Mr. Patrick Pexton, the fastidious ombudsman of the Washington Post, not long ago was pushed to the very (narrow) limits of his tolerance when his colleague Jennifer Rubin approvingly re-Tweeted a post by this blogger concerning the captors of Gilad Shalit. Mr. Pexton was horrified by my post—though, like the scrum of semi-literate leftist commentators whose heads exploded all over the internet about it, he was not quite up to its formulation; clauses within clauses are just more, apparently, than they are able to decode—reacting with disgust to “its ghoulishness, its odd sexual undertone and its preoccupation with violence.” (Odd sexual undertone? Really? Well, seek, and ye shall find, I suppose). In short, he found the post “reprehensible,” and was outraged by Mrs. Rubin’s endorsement of my sentiment.
The Abrams brand of incendiary rhetoric has gained too much purchase on the landscape of American politics. It pollutes our discourse and erodes the soil on which reasonable solutions and compromises can be built, whether at home or in the Middle East. It seems to be preoccupied with violence rather than weary of it. That a Post employee would retweet it is a huge disappointment to me.
He’s right: I am preoccupied with violence—the violence of those “Palestinians” who choose to pollute discourse and erode soil by committing acts of bloody terror against innocent Israeli children, women, and men. And so is Jennifer Rubin.
If, as he says, “the Post needs conservative voices to balance its many liberal ones,” it’s only in small doses he seems willing to swallow any actual non-liberal output: He devoted an astounding 1,300 words to excoriating me and berating her.
But all that’s in the past. Mr. Pexton turns now to two Washington Post colleagues of a less disappointing, more “liberal-voices” nature, and performs a mind-contortion in order to defend some very questionable behavior by them which, had conservatives engaged in it, would likely have given him a liberal aneurism.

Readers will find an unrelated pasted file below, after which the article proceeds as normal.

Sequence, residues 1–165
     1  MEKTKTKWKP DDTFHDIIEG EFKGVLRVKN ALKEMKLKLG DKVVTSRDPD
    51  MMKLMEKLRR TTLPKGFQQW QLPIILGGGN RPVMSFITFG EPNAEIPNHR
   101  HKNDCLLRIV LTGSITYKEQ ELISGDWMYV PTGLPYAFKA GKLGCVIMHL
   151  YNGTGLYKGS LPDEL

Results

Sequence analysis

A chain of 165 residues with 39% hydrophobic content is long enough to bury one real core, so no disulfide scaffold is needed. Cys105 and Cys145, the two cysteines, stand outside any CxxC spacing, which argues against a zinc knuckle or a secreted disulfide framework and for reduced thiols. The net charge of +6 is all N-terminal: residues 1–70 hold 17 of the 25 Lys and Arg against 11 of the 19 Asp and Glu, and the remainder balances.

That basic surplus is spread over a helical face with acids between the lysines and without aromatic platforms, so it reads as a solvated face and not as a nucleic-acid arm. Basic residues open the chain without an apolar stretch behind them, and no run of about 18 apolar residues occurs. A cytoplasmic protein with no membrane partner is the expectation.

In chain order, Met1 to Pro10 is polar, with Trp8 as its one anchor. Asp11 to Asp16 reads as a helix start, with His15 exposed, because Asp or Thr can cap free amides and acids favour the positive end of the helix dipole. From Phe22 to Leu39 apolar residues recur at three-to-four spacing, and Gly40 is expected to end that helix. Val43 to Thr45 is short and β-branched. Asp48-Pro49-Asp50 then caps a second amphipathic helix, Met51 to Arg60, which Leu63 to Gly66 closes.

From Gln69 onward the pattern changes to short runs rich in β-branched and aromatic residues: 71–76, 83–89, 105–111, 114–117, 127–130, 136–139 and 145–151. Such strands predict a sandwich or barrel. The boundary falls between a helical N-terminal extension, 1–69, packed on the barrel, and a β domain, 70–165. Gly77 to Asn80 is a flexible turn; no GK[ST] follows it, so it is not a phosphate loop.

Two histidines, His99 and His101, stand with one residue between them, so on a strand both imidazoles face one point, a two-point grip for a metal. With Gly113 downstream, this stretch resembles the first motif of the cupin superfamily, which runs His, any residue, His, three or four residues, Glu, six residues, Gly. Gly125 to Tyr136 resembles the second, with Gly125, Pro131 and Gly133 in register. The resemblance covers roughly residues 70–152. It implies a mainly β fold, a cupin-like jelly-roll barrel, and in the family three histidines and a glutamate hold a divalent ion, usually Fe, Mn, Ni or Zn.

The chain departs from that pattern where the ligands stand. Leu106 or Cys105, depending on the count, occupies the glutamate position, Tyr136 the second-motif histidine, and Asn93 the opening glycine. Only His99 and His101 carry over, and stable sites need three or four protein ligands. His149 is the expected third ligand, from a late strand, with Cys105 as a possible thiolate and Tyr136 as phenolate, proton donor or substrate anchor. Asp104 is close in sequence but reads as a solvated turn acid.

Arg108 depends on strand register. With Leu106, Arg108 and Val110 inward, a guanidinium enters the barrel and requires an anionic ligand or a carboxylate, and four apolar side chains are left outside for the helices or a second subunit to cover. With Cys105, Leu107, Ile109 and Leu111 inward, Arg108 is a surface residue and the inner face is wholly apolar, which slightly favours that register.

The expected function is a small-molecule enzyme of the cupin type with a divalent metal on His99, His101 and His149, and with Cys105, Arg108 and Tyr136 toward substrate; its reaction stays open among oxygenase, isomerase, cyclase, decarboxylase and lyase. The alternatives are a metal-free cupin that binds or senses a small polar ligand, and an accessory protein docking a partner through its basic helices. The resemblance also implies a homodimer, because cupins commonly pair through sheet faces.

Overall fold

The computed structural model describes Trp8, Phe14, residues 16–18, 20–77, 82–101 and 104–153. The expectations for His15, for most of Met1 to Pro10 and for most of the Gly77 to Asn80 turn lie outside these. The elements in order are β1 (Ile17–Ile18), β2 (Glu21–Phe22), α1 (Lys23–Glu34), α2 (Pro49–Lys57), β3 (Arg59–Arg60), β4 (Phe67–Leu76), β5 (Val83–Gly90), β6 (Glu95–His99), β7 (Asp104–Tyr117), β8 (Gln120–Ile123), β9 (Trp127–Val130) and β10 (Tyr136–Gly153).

There’s some dispute about whether one of those colleagues, Wonkroom blogger/reporter Ezra Klein, met with Senate Democrats to brief them on questions relating to the Supercommittee. Certain journalists say he did, and stand by their story. Mr. Pexton chooses to see it otherwise, because Mr. Klein told him his meeting with them was routine—“this was him cultivating sources, as all reporters do in this town”—and because he “has intelligent, insightful things to say about politics and policy,” and is
one of the most popular of all of The Post’s bloggers and a man with 110,000 Twitter followers. Klein is a hybrid journalist: he comments, he reports, he takes positions on issues of public policy. He’s not on the editorial pages but in the news pages.
Not unlike Jen Rubin, in fact, though she’s on the editorial side, and therefore is not held to the same journalistic standards.
Mr. Pexton’s standards for her are much stricter.
Stricter, too, than they are for reporter Aaron Blake, who was also apparently cultivating sources as all reporters do in this town when he tweeted “Hey Tweeps: Looking for outlandish/incorrect predictions and quotes from Newt Gingrich’s past. Any ideas for me?”
“This,” Mr. Pexton avers, “is an example of a relatively new reporting technique called crowdsourcing—using social media to contact as many people as possible who might have particular knowledge of a subject the reporter is working on.
The Right calls this biased digging up dirt. I call it a reporter’s inartful and early foray into crowdsourcing.
I call this commentary a liberal’s inartful and essential foray into double-standard advocacy journalism. Ombudsman, heal thyself.